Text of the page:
(Bloomberg) – Singapore Press Holdings Ltd., which publishes the country’s flagship daily, is considering splitting its media business into a non-profit entity after conducting a strategic review of its business.
Faced with a steady decline in the media sector, Singapore Press – which also invests in properties ranging from shopping malls to student housing – contacted the government with a proposal to put the unit on a sustainable financial footing, he said. he said in a statement on Thursday. The government has indicated its support for the restructuring, he said.
“SPH shareholders are unlikely to tolerate the continued negative impact that media activity has on the company’s financial outlook,” company chairman Lee Boon Yang said in a briefing. “On the other hand, we cannot allow a functioning, reliable and respected media organization to be weakened over time by market pressure and commercial constraints.”
The company will provide initial resources and funding worth at least S $ 110 million ($ 82 million) for a new unit, which will eventually be transferred to a non-profit entity.
This structure which allows the media sector to “seek funding from a range of public and private sources with a common interest in supporting quality journalism and credible information is the optimal solution,” the company said in a statement. . The Straits Times and Business Times editor added that liquidating or selling the business were not feasible options given the function of providing news and information to the public.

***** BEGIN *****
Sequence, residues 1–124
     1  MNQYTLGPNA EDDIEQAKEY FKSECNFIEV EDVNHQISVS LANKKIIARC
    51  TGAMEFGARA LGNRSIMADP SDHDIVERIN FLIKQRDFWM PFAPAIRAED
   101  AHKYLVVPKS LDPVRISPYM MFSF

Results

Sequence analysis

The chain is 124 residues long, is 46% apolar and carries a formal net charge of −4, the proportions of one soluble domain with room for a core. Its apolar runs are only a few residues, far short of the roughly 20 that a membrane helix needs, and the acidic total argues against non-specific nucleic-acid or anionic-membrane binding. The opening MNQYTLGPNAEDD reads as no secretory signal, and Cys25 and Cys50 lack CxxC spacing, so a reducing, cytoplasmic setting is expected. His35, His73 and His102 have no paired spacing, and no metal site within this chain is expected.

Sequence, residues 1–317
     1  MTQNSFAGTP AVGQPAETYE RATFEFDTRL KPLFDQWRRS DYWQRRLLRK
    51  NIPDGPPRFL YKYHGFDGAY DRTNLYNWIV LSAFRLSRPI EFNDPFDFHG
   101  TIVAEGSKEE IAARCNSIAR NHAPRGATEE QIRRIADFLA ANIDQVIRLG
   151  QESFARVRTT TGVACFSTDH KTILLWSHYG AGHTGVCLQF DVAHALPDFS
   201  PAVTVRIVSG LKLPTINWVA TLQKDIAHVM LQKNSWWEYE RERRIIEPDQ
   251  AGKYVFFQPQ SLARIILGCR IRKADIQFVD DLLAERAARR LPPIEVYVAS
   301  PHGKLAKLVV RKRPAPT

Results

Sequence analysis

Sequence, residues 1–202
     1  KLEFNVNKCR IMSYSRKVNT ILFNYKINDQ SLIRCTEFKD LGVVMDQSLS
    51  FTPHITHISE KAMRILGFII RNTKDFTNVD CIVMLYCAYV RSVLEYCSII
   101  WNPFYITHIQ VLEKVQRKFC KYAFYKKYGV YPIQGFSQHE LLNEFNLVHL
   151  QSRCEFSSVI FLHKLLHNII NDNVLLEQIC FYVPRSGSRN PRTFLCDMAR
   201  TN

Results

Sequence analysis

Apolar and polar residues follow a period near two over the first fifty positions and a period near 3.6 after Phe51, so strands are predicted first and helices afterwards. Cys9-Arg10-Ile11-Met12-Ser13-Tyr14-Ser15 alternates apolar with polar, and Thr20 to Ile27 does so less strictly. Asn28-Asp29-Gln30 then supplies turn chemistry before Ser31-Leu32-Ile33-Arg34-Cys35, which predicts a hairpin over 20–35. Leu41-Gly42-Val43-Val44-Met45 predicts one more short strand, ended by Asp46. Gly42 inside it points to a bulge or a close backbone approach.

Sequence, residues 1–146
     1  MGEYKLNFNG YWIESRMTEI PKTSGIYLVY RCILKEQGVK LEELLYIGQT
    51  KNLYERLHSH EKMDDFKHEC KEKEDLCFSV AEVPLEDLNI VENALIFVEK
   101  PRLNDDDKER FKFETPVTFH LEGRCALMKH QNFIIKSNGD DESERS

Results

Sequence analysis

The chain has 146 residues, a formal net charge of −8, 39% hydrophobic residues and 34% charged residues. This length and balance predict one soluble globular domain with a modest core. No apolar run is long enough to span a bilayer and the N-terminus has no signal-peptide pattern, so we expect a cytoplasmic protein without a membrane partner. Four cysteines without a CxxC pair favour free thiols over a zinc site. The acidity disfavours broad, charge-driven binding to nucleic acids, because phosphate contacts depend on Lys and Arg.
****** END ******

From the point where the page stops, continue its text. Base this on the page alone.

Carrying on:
Last year, the conglomerate hit its first-ever full-year loss, based on data compiled by Bloomberg dating back to 1990, after consecutive years of declining net income. Its media business accounted for more than half of its revenue last year, while real estate accounted for around 38%, according to data compiled by Bloomberg.
Singapore Press said that while such a model may not be familiar in the country, many overseas news agencies operate under these funding structures. These include the Guardian in the UK which has been controlled by the Scott Trust since 1936 and the Tampa Bay Times in the US, which is owned by the nonprofit Poynter Institute, he said.
SPH shares were suspended on Thursday pending the release of the announcement. They have gained 17% since the end of March, set for their third consecutive quarter of gains.
Shares hit their highest level in more than a year in April, before reducing some of those gains, after the company announced in March that it was undertaking a strategic review to consider options for its various businesses.
During the meeting, Director General Ng Yat Chung said that the review of his remaining activities is continuing.
Credit Suisse Group AG is financial advisor to Singapore Press, while Evercore Asia (Singapore) Pte. has been appointed to advise the board of directors of the company.
(Updates with Chairman’s comments in the third paragraph and advisers in the last paragraph)
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